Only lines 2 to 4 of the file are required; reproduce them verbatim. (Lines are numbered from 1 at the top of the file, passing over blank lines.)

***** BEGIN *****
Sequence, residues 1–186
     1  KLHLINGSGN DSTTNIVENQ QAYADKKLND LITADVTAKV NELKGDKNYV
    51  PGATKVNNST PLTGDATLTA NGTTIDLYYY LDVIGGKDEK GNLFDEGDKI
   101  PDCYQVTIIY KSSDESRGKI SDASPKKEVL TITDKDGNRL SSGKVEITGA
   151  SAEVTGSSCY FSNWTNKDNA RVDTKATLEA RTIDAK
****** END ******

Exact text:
     1  KLHLINGSGN DSTTNIVENQ QAYADKKLND LITADVTAKV NELKGDKNYV
    51  PGATKVNNST PLTGDATLTA NGTTIDLYYY LDVIGGKDEK GNLFDEGDKI
   101  PDCYQVTIIY KSSDESRGKI SDASPKKEVL TITDKDGNRL SSGKVEITGA